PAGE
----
“This came with added funding, which has allowed us to make targeted investments in space control and launch capabilities, missile defense, cyber, and advanced sensors, communications, and munitions -– all of which are critical for power projection in contested environments,” he said.
The White House also added funding to help the department modernize its aging nuclear deterrent force, Work said.
Supporting Ongoing Operations
The department’s fiscal 2016 base budget request is $534 billion, or $36 billion above the FY16 sequestration caps, he said, adding that it’s “only the first year of a five-year Future Years Defense Program. When considering fiscal years 2016 through 2020, our planned program is approximately $154 billion over the sequestration caps.”
The department also is asking for $51 billion in overseas contingency operations funding, Work said, “to support our campaign against the extremist [Islamic State in Iraq and the Levant], ongoing operations in Afghanistan, and other operations in the Central Command area of responsibility.”
The global demand for U.S. forces remains high, particularly for deployable headquarters units, intelligence, surveillance and reconnaissance assets, missile defense, and naval and aerospace forces. The global operating tempo also remains high, he added.
Together, the deputy secretary said, these requests provide funding needed to recover readiness over the next several years, invest in long-deferred recapitalization and modernization, and meet global demands placed on the military by the National Security Strategy.
The Ragged Edge
“The leaders of this department believe firmly that any significant reduction in funding below what is in the president's budget, or a broad denial of the reform initiatives that we have proposed to Congress, would mean the risks to our defense strategy would become unmanageable,” the deputy secretary said.
“Quite frankly,” he added, “we’re at the ragged edge of what is manageable.”
Adding to the pressure on defense systems, potential competitors are developing capabilities that challenge the U.S. military in all domains that put space assets and the command and control system at risk, Work said.
“We see several nations developing capabilities that threaten to erode our long-assured technological overmatch and our ability to project power,” he added.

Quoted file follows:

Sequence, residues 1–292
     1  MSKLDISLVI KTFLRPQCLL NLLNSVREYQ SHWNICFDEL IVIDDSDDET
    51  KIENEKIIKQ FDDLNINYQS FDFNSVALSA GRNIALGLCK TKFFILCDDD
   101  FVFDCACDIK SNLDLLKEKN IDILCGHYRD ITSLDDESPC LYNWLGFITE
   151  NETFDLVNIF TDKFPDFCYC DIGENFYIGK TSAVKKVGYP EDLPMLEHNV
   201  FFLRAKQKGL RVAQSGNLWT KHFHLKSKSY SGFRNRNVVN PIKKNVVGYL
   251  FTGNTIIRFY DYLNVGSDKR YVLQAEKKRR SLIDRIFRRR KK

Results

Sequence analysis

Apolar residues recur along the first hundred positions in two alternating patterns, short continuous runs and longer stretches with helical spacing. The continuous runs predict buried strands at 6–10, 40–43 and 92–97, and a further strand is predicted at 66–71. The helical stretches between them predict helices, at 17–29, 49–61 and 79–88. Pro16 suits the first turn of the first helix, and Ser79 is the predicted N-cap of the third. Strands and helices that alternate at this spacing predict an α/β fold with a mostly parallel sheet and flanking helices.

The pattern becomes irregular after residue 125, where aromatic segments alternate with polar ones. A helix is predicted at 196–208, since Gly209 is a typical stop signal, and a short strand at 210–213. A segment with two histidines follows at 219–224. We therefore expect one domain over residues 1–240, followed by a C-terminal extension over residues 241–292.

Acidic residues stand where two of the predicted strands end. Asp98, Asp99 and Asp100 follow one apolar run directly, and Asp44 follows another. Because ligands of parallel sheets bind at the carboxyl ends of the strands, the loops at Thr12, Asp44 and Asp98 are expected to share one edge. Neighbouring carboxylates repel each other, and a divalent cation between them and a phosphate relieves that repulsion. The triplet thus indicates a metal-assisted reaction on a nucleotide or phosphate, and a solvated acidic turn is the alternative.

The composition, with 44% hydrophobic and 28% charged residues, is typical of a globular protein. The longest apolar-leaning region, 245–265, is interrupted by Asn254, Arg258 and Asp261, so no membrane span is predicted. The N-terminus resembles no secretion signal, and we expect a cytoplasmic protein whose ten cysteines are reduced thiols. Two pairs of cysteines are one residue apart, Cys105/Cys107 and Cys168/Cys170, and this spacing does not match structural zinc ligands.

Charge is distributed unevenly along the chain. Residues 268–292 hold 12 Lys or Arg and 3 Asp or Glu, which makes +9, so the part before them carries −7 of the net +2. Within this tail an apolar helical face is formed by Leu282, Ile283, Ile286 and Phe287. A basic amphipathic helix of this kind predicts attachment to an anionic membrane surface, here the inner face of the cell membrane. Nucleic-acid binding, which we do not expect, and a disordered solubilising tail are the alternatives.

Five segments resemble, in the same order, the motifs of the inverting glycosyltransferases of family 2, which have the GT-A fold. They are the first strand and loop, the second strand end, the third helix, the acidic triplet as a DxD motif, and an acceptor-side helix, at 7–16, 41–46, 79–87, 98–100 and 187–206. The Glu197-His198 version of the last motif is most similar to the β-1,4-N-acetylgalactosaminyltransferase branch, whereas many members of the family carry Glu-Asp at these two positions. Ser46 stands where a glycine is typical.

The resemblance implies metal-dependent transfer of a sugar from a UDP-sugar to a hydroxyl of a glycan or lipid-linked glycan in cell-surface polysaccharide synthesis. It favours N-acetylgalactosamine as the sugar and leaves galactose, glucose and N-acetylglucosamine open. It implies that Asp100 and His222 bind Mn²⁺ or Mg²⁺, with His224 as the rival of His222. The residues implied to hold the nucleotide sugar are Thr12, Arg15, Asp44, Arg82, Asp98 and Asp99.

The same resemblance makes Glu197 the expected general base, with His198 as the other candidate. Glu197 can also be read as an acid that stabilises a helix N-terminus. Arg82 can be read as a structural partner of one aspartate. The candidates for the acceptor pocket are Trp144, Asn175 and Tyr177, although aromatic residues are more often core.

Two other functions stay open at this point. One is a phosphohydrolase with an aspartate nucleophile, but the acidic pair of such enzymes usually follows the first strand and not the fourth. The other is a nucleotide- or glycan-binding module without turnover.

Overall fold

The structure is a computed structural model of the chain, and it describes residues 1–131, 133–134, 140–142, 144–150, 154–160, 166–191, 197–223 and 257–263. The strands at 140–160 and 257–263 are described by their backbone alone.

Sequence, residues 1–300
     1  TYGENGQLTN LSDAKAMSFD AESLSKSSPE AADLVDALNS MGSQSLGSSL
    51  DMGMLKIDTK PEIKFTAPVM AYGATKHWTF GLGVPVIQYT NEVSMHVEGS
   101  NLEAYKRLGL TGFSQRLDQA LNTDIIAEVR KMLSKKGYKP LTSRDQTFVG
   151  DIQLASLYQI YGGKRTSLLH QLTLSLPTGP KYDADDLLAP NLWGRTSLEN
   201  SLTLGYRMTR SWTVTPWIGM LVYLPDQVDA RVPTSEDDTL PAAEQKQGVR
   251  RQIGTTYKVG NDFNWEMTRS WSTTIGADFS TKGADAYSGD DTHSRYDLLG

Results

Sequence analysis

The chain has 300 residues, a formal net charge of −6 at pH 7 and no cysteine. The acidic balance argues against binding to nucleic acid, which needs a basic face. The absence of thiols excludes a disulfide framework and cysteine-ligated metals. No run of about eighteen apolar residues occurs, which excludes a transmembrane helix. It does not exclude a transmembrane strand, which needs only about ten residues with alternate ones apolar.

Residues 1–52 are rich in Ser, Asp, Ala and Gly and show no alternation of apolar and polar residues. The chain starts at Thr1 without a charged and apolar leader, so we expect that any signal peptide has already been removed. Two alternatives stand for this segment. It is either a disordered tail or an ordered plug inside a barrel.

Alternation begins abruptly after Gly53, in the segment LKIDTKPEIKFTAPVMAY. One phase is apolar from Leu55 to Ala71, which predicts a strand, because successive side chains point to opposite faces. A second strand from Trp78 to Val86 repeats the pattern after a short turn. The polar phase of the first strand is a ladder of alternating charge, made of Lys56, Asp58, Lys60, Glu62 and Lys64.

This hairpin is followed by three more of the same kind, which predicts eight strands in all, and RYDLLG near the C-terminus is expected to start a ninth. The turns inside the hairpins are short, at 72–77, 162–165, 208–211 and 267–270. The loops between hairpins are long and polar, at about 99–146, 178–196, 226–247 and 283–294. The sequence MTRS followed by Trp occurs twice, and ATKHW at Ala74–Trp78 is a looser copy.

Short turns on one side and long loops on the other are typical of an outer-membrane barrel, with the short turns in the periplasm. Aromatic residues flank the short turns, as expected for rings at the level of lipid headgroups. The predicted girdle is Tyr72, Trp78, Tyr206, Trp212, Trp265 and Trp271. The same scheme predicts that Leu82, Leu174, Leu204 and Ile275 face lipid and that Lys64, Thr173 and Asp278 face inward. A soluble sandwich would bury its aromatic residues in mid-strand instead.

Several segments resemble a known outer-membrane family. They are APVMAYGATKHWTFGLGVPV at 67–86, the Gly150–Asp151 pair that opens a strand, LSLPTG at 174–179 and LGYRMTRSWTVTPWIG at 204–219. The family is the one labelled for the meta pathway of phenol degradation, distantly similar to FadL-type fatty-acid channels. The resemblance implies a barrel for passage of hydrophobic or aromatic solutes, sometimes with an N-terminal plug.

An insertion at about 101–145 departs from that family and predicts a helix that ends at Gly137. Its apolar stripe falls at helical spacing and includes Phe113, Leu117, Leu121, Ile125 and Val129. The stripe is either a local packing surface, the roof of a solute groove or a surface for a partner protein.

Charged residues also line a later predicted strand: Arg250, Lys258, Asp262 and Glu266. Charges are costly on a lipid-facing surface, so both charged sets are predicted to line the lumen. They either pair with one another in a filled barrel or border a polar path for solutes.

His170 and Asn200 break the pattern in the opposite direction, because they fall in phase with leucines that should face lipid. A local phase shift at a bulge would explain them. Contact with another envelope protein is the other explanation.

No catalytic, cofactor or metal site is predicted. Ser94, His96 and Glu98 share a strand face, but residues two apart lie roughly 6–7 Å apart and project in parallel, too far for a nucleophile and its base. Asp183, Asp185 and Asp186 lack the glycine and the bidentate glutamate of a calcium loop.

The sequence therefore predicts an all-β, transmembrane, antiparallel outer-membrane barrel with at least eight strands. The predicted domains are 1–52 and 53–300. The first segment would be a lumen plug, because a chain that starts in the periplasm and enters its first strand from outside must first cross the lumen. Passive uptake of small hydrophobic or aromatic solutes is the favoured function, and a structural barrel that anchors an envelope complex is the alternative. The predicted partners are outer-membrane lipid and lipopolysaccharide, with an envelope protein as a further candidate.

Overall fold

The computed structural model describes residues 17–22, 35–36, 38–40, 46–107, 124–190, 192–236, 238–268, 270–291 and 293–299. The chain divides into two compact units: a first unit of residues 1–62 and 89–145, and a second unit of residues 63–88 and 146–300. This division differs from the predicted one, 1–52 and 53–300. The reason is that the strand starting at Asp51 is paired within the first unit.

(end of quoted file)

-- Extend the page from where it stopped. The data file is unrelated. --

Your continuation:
These include new and advanced anti-ship and anti-air missiles, and new counter-space, cyber, electronic warfare, undersea and air attack capabilities, Work said.
Erosion of Technical Superiority
In some areas, he added, “we see levels of new weapons development that we haven’t seen since the mid-1980s, near the peak of the Soviet Union’s surge in Cold War defense spending.”
The department, Work said, is addressing the erosion of U.S. technological superiority through the Defense Innovation Initiative, a broad effort to improve business operations and find innovative ways to sustain and advance America’s military dominance for the 21st century.
“The DII’s leading focus is to identify, develop and field breakthrough technologies and systems,” he said, “and to develop innovative operational concepts to help us use our current capabilities in new and creative ways.”
The ultimate aim is to help craft a third offset strategy, he added.
Third Offset Strategy
After World War II the United States used nuclear weapons development to offset Soviet numerical and geographic advantage in the central front, and again changed the game in the 1970s and 1980s with networked precision strike, stealth and surveillance for conventional forces, Work explained.
Now, he said, “we will seek to identify new technologies and concepts that will keep the operational advantage firmly in the hands of America’s conventional forces, today and in the future.”